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Tuesday, February 06, 2007
I strongly suggest that we begin thinking and talking about the effects that will be felt in 50 years or 25 years. We don't have to lose sight of the effects that will be felt in 100 years but we need to shift our focus to a shorter time frame. The reality of climate change is right now, in our lifetimes.
Action would have to be radical -- but climate change can be slowed.
Everybody in the United States could switch from cars to bicycles.
The Chinese could close all their factories.
Europe could give up electricity and return to the age of the lantern.
But all those steps together would not come close to stopping global warming.
A landmark report from the United Nations' Intergovernmental Panel on Climate Change, released Friday, warns that there is so much carbon dioxide and other greenhouse gases in the atmosphere that even if concentrations held at current levels, the effects of global warming would continue for centuries.
There is still hope. The report notes that a concerted world effort could stave off the direst consequences of global warming, such as widespread flooding, drought and extreme weather.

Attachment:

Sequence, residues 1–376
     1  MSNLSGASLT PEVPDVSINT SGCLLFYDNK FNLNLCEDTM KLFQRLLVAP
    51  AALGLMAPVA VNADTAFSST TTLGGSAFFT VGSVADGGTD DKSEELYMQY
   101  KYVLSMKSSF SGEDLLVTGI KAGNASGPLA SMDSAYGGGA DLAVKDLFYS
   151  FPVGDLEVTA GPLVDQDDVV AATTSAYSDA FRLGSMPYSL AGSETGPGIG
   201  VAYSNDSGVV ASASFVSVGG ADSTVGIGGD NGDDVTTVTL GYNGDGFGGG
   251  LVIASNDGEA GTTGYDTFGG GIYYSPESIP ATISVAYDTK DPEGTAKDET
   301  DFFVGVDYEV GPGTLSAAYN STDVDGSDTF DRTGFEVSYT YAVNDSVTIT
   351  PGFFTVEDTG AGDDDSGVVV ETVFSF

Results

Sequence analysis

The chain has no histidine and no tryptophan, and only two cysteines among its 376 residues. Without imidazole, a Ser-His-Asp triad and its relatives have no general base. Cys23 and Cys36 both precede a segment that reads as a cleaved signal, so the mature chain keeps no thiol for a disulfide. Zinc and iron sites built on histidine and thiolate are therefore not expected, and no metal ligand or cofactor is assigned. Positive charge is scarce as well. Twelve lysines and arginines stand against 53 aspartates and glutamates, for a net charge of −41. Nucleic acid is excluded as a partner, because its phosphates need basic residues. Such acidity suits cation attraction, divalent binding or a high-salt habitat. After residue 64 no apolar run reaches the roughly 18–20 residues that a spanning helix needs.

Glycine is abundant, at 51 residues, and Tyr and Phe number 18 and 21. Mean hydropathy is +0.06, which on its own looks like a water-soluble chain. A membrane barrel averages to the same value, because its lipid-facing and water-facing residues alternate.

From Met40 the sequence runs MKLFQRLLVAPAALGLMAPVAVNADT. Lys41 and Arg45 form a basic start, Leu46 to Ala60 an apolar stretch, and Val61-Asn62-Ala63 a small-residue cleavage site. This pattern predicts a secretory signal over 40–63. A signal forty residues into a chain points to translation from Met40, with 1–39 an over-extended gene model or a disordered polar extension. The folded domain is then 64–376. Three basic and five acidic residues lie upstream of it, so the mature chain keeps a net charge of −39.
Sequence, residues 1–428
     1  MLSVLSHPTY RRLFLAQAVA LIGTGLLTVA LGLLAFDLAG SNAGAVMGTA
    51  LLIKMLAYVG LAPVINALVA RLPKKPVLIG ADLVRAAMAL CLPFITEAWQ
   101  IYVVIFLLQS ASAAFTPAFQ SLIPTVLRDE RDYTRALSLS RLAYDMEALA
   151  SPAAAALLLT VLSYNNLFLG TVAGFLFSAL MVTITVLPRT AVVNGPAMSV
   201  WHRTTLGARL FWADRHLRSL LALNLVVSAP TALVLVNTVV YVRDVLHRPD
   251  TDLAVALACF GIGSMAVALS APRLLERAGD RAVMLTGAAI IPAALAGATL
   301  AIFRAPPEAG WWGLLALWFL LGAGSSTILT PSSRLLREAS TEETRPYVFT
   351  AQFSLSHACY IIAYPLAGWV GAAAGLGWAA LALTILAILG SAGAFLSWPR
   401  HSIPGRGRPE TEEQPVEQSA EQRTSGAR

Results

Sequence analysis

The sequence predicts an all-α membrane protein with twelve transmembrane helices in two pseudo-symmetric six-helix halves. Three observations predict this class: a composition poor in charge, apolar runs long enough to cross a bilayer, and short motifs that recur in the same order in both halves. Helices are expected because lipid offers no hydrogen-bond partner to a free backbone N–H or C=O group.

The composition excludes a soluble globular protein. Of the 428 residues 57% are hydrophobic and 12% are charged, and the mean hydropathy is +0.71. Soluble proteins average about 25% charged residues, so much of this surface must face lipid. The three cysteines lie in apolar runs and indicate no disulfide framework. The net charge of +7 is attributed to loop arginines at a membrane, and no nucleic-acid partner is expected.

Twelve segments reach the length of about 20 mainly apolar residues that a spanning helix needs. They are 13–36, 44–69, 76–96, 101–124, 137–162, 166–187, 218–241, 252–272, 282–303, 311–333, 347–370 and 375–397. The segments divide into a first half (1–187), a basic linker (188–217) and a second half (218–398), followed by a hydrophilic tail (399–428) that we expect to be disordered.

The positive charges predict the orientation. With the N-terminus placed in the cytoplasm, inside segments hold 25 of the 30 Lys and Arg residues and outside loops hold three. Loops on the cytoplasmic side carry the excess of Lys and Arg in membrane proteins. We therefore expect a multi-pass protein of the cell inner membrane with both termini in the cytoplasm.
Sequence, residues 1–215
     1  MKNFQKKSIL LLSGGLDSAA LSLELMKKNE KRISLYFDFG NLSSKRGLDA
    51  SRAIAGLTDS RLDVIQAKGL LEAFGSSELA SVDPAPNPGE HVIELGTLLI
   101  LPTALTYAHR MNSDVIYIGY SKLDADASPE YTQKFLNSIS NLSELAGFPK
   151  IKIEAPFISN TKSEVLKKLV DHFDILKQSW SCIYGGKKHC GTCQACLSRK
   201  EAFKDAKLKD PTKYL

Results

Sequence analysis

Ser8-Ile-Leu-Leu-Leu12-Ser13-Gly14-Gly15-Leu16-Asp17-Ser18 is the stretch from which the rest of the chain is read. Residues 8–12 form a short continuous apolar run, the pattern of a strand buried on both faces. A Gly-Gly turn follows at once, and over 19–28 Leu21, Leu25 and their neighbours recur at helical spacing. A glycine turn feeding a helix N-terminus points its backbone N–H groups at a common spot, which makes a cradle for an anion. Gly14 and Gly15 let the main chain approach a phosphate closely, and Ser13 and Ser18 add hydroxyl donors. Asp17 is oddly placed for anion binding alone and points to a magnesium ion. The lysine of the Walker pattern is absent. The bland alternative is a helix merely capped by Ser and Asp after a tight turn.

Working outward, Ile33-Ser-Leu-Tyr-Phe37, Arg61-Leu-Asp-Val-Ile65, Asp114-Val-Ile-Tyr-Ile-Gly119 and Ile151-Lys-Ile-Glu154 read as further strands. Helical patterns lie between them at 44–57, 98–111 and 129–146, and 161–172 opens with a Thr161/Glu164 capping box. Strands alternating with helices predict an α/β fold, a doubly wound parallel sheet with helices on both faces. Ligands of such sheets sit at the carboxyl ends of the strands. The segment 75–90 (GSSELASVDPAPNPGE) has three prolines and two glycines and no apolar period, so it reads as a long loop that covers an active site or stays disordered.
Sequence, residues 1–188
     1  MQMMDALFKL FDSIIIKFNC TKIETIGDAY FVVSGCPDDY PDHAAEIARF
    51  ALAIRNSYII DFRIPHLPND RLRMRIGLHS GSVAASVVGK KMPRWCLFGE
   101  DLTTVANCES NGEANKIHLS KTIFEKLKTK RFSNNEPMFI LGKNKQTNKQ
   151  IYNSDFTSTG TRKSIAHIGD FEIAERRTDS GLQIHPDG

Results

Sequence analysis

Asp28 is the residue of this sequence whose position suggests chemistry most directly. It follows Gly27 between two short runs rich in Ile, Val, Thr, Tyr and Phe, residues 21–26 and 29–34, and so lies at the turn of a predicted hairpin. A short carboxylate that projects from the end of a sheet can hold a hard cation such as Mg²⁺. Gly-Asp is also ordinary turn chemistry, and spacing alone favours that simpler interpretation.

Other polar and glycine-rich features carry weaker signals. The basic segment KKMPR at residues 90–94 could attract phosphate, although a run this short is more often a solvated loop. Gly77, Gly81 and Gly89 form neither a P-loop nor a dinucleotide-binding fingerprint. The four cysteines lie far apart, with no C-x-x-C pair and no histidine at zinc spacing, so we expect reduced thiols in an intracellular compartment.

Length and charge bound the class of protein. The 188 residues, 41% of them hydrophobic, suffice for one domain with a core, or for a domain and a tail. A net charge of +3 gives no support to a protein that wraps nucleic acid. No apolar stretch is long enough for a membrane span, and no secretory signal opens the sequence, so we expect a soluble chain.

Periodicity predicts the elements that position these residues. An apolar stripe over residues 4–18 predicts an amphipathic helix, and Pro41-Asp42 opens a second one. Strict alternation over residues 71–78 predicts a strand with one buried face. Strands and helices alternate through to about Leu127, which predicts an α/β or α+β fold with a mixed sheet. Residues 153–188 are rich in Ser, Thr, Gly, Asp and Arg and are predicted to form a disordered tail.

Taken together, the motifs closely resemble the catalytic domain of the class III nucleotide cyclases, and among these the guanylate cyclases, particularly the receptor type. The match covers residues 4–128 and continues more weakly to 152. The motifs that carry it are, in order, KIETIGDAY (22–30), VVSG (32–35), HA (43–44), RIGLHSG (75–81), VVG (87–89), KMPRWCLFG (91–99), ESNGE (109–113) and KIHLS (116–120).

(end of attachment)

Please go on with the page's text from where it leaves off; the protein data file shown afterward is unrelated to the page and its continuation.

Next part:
Ultimately eliminating the global warming threat, however, would require radical action.
To stabilize atmospheric levels of carbon dioxide — the primary contributor to global warming — CO2 emissions would have to drop 70% to 80%, said Richard Somerville, a theoretical meteorologist at the Scripps Institution of Oceanography in La Jolla.
Such a reduction would bring emissions into equilibrium with the planet's ability to absorb carbon dioxide. The last time the planet was in balance was more than 150 years ago, before the widespread use of coal and steam engines.
What would it take to bring that kind of reduction?
"All truck, all trains, all airplanes, cars, motorcycles and boats in the United States — that's 7.3% of global emissions," said Gregg Marland, a fossil fuel pollution expert at Oak Ridge National Laboratory in Tennessee.
Closing all fossil-fuel-powered electricity plants worldwide and replacing them with windmills, solar panels and nuclear power plants would make a serious dent — a 39% reduction globally, Marland said.
His calculation doesn't include all the fossil fuels that would have to be burned to build the greener facilities, though.
Trees could be planted to absorb more carbon dioxide. But even if every available space in the United States were turned into woodland, Marland said, it would not come close to offsetting U.S. emissions.